A couple of weeks ago, I wrote that “as the U.S. dollar has weakened against the Canadian dollar, it could be an opportune time for Canadians to buy U.S. stocks and for Americans to stick with U.S. stocks instead of buying Canadian stocks.”
Since then, as shown in the chart below, the USD has recovered slightly.
Notably, the USD is still a way off from its five-year midpoint of approximately C$1.30. Moreover, the WTI oil price is at a high point of +US$71 per barrel, which could weaken from there. Therefore, Canadian and U.S. investors alike are probably better off continuing to invest new money in U.S. stocks trading at good valuations.
Much like two weeks ago, I still find value in Bristol-Myers Squibb (NYSE:BMY). Merck (NYSE:MRK) that’s in the same space is also similarly undervalued. The dividend stocks offer decent yields of about 3%.
Contemplating what dividend stocks to invest in June 2021? As the U.S. dollar has weakened against the Canadian dollar, it could be an opportune time for Canadians to buy U.S. stocks and for Americans to stick with U.S. stocks instead of buying Canadian stocks.
As usual, investors should stick with investing in well-valued stocks for long-term outperformance. Having a long-term view puts the odds in retail investors’ favour versus fund managers who are pressured to deliver market outperformance on an annual or even quarterly basis.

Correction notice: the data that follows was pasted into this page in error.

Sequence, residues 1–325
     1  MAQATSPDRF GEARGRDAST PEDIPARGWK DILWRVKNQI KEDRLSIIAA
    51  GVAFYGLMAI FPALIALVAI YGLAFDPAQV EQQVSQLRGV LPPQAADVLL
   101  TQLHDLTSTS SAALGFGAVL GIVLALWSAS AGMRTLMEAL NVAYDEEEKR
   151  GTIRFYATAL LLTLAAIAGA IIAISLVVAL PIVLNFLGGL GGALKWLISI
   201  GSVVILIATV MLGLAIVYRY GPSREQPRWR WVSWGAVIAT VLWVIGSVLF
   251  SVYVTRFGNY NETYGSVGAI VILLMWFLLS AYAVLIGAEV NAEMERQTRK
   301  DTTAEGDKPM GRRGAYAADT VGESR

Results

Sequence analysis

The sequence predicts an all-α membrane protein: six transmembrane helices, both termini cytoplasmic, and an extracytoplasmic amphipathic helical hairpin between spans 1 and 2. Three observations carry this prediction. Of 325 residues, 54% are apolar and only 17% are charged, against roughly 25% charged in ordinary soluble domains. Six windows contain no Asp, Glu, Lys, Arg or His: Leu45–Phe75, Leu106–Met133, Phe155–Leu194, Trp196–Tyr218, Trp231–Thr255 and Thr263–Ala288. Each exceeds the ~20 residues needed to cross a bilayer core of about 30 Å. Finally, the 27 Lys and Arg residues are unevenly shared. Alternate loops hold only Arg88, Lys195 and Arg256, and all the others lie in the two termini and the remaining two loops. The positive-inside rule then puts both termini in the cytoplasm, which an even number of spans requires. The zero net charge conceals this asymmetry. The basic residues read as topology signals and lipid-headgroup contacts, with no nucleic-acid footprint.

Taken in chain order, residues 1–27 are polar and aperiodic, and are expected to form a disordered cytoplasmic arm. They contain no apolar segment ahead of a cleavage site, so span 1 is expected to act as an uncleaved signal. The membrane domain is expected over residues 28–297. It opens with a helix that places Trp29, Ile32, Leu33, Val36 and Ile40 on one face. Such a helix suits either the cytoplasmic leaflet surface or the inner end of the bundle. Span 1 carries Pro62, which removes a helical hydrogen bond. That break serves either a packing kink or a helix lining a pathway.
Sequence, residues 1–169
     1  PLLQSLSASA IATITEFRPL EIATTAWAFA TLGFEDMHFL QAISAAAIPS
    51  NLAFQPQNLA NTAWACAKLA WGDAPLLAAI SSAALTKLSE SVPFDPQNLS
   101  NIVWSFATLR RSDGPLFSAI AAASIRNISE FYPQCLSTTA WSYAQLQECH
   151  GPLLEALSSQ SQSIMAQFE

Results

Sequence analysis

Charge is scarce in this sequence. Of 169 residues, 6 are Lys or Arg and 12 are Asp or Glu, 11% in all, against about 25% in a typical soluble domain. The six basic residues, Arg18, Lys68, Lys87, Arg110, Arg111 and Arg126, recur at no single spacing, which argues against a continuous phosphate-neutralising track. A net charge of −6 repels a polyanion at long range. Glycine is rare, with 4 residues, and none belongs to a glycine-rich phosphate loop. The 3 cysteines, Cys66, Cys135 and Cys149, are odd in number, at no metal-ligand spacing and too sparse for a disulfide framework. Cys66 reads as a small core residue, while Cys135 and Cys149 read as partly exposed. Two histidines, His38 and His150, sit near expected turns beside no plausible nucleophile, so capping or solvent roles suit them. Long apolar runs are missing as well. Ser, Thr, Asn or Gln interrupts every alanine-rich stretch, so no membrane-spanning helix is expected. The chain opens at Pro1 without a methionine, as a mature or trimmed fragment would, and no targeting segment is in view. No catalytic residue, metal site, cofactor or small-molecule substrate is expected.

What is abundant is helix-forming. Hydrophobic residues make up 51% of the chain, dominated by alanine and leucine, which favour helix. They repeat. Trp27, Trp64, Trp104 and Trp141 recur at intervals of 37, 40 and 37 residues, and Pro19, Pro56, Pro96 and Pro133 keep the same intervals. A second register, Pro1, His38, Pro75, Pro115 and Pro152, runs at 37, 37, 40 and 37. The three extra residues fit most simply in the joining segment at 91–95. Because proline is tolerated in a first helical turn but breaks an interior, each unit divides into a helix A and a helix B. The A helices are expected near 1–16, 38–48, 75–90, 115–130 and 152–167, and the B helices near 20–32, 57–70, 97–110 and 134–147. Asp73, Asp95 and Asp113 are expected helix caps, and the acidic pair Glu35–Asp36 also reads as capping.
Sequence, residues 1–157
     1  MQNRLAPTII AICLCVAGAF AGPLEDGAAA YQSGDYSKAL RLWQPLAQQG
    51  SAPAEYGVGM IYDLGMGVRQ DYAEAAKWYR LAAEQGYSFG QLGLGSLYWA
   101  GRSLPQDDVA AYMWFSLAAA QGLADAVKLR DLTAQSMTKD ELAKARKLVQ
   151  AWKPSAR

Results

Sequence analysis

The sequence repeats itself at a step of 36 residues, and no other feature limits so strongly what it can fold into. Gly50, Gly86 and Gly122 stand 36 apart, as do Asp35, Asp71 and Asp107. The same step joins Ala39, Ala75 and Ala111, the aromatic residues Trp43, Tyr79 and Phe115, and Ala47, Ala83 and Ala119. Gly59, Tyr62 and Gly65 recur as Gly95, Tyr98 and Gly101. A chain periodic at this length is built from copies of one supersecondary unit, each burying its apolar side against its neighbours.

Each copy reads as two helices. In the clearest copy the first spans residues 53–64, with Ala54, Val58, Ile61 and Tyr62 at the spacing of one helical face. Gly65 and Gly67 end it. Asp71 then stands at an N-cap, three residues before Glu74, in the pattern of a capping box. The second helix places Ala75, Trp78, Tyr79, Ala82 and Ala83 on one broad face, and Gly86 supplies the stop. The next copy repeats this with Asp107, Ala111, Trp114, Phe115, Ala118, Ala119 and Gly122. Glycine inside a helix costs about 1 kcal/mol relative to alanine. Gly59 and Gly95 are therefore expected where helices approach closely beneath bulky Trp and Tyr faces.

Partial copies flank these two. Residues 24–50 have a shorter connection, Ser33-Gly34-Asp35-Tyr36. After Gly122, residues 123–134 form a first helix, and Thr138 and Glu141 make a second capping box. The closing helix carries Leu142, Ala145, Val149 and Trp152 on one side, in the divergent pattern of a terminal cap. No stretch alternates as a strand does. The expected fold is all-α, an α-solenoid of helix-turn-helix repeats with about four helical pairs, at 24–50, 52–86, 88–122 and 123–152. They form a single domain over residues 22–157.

Canadians could also invest in quality Canadian stocks that are well valued if they already bought all the U.S. stocks they want currently. Just know that when the U.S. dollar strengthens against the Canadian dollar, Canadian investors would benefit from foreign exchange normalization as well as price appreciation from U.S. stocks bought at good valuations. If Canadians buy quality U.S. dividend stocks now, the dividend income will also increase on favourable foreign exchange normalization.
High inflation is already upon us. As BBC News reported, the U.S. saw consumer prices jump 4.2% in the past 12 months. Price surges for certain goods can be even more ridiculous. Second-hand car prices rose 10% in April versus March.
A part of that had to do with the shortage (and consequential price rise) in basic materials like steel. The situation is similar for other raw materials like copper and lumber.
The Federal Reserve aims for a long-term inflation rate of 2%, as does the Bank of Canada. The Federal Reserve explains very well here how a stable rate of 2% helps with keeping maximum employment and consumer price stability. It further clarifies that an extended period of low inflation is likely to lead to a period of higher inflation (triggered by monetary policy), which is what we’re seeing now in both countries.
At the very minimum, Americans and Canadians need to ensure their savings are earning at least 2% a year from interest income. Of course, we can do better than that with dividend stocks.